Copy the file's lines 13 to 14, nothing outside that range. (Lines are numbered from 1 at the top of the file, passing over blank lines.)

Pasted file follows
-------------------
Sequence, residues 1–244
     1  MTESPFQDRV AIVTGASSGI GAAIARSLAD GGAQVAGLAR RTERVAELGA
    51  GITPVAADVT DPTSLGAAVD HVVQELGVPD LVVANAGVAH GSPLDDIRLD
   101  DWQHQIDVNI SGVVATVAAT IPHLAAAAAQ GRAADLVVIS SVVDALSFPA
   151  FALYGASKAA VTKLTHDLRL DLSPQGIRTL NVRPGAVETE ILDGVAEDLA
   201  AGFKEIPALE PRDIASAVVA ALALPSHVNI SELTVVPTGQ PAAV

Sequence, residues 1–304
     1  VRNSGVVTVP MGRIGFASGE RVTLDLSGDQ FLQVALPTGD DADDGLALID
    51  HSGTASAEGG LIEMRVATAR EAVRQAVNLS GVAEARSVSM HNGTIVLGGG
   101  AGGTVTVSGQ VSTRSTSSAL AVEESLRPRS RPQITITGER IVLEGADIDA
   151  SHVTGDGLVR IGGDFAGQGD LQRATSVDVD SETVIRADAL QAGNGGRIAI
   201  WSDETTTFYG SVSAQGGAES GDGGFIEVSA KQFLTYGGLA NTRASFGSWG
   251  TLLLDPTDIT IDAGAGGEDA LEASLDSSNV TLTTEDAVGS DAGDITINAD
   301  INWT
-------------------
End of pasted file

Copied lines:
   251  TLLLDPTDIT IDAGAGGEDA LEASLDSSNV TLTTEDAVGS DAGDITINAD
   301  INWT